Still - One has to properly calibrate a home theater in order to make it enjoyable. I think it is a safe assumption to say you would need to do the same thing for a computer. You need to be enveloped in the sound.

I've been having problems properly calibrating sound on my computer. I recently installed "Mass Effect," and the sound mix is so screwed up that the music overpowers all other sound, particularly voices. I had subtitles turned off, so I was placed in situations where I had to respond to questions I couldn't hear! No matter what I did, the problem remained unless I turned the music off, which I didn't want to do, because, as we are discussing here, the music is part of the sound experience.

Chris Kennedy wrote:

Focusing more on Matt's topic, I think sounds can play a pivotal role in gaming. I also think that the ambient sounds are sometimes more important than the gameplay-specific sound effects. How many times do they repeat? How do they overlay? Too much? Too little? Too loud? Aside from the repetition, you still have to have a good mix.

Max Payne had very atmospheric sound effects, as did the similar "Bioshock." The GTA games always seemed to have great ambient sound effects that really made you feel like you were in a living city.

As for where we go from here, I don't really know. Algorithmic musical soundtracks? It almost seems to me that we've "topped out" what games can do in the audio department, short of synthesized voice acting.

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Cody Reimer
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The Sound of a Swift Death

I agree with Matt. The repetition of sound effects can mire a production, be it game or film, in a way that you'd imagine only the regurgitation of visuals could (the same explosion sequence used for two different explosions). There are, however, exceptions. The Wilhelm scream is a great example. http://en.wikipedia.org/wiki/Wilhelm_scream

I always swore I heard that same person yelling, but not until Cracked wrote an article ("5 Things Hollywood Reuses More Than Plots") did I realize it was the exact same sound effect. Now, whenever I hear that yell, I smile quietly to myself. It's a type of aural allusion or reference, more nuanced and obscure than most, and therefore more satisfying to recognize. But most films don't use the Wilhelm scream more than once, and to do so would be like reiterating the same explosion sound effect.

Doom 3 was nearly unplayable in the dark, the suspension of disbelief was so great. The game is a great example of the convergence of numerous senses to create an ambience of horror. Every time the screen jolted or I had to lower my flashlight or I heard a girl giggling or a monster moaning, I shuddered. Games have a tendency to use sounds in dynamic ways; I never understood why my friends could listen to music while playing games that involved hearing. In WoW, there are few better ways to get the drop on a stealthed rogue than hearing that indicative "stealthed" noise move past your character. In Left 4 Dead 2, each of the special infected have key sound identifiers: the Smoker coughs, hacks, and wheezes; the Hunter shrieks; the Jockey giggles uncontrollably; and so on. Hearing and recogninzing which sound belongs to which zombie is absolutely vital when playing at the advanced levels (or against other players), because with few exceptions, the players will always hear the special infected before they see them.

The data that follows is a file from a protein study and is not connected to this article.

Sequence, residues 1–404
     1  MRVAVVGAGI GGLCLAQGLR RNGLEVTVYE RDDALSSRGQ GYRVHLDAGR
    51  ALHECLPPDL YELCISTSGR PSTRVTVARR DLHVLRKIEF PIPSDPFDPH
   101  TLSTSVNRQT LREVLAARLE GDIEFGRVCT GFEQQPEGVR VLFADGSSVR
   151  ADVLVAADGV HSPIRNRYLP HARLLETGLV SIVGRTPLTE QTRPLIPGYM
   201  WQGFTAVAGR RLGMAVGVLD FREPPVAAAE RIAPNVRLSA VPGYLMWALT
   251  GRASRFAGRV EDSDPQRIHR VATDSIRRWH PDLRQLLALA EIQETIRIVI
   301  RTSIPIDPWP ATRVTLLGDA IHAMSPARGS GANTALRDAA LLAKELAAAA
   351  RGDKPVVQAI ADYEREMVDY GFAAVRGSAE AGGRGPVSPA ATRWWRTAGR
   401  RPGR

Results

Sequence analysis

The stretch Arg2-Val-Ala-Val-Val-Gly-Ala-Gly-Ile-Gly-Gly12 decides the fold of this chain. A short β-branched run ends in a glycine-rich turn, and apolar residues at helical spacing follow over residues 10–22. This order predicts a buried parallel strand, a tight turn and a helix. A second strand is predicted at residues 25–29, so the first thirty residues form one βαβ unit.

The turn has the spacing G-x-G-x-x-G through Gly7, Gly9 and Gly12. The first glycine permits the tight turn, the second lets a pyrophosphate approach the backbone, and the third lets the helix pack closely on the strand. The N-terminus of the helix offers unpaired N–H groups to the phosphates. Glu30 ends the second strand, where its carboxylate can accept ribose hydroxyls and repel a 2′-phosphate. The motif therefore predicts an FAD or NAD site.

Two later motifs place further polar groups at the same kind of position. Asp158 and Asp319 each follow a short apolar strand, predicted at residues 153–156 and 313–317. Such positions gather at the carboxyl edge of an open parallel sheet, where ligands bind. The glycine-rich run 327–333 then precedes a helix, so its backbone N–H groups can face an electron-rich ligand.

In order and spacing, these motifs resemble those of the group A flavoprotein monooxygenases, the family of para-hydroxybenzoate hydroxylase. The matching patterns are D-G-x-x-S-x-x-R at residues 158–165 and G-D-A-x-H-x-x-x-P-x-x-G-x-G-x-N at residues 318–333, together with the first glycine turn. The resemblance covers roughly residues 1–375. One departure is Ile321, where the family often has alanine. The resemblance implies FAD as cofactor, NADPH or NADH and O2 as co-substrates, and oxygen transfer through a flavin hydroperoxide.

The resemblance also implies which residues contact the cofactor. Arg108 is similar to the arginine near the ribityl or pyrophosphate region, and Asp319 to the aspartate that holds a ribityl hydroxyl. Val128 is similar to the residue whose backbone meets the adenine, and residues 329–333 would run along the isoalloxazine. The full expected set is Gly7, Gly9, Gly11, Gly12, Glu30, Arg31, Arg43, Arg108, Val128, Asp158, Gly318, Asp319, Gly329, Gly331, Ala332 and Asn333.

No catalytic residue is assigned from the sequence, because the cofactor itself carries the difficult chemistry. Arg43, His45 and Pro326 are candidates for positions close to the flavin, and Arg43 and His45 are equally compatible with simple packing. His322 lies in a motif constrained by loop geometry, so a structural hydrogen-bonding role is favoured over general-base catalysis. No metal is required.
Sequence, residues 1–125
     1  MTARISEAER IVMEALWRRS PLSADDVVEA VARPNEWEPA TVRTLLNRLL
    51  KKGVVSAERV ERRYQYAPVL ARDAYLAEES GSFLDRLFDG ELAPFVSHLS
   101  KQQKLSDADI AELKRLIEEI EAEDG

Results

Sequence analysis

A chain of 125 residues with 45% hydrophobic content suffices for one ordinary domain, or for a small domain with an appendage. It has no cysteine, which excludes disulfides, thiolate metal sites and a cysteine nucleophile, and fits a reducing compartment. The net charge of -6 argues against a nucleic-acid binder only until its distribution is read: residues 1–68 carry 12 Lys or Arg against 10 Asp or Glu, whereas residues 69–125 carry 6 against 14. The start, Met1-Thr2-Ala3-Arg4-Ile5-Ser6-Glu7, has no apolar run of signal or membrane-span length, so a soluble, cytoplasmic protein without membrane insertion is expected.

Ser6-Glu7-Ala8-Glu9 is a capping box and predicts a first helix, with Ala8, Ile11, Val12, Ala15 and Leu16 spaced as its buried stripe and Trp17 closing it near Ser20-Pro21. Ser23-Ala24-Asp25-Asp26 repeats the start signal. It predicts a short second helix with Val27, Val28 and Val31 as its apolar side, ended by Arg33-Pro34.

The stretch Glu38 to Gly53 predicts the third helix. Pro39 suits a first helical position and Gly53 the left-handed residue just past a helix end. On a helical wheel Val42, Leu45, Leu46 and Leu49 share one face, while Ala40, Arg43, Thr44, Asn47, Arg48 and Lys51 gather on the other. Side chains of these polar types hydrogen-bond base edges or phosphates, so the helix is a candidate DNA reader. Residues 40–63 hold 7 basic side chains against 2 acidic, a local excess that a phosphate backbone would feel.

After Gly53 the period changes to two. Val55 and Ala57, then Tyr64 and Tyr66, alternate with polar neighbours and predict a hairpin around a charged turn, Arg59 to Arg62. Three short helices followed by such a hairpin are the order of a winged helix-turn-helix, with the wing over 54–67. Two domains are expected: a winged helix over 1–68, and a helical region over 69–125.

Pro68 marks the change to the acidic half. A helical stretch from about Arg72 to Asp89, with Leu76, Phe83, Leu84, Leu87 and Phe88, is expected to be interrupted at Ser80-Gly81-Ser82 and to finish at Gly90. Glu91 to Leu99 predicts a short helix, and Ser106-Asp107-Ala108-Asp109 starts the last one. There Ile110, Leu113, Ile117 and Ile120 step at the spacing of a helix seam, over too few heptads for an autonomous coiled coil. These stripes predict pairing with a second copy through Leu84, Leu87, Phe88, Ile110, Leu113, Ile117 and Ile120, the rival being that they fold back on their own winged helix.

Sound mapping a game, or creating the equivalent of road's shoulder markers, is an interesting concept, but the implementation would be tricky depending on the genre. It'd be a creative alternative to just throwing up walls or unconquerable obstacles (oops, not supposed to go there yet--that monster just killed me in one hit!). My question would be how to let the player know what the sounds mean. If an adventurer is traversing through a forest and the birdcalls and crickets die away to be replaced by the sounds of blinking eyes, does that mean their adventure has truly begun (ho, danger is afoot) or they should turn back (ho, danger is afoot and I'm only level one!).

The musical scores in game seem to matter as much as, if not more, than the identifying sound effects. Chrono Trigger and some other RPGs have such memorable scores that players remake them using beer bottles http://www.youtube.com/watch?v=7AJMujiJ-UQ or Mario Paint http://www.youtube.com/watch?v=8PHmE8MdTuI&feature=related There is just something about the mood of adventure that some of those scores instill. The nostalgia they produce matches any visual.

Cody Reimer
Freshman Composition TA
St. Cloud State University

Bill Loguidice
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Canned sounds
Cody Reimer wrote:

I agree with Matt. The repetition of sound effects can mire a production, be it game or film, in a way that you'd imagine only the regurgitation of visuals could (the same explosion sequence used for two different explosions). There are, however, exceptions. The Wilhelm scream is a great example. http://en.wikipedia.org/wiki/Wilhelm_scream

There is another canned scream that constantly appears, even in videogames. It's used in Eye of the Beholder for the GameBoy Advance, as well as several other games and media. I would love to know the genesis of that particular scream. It's a manly type of scream, almost like an "aargh!".

We more often think of stock footage and stock photos rather than stock sounds, but if you really think about it, stock anything is noticeable after a while.

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Bill Loguidice, Managing Director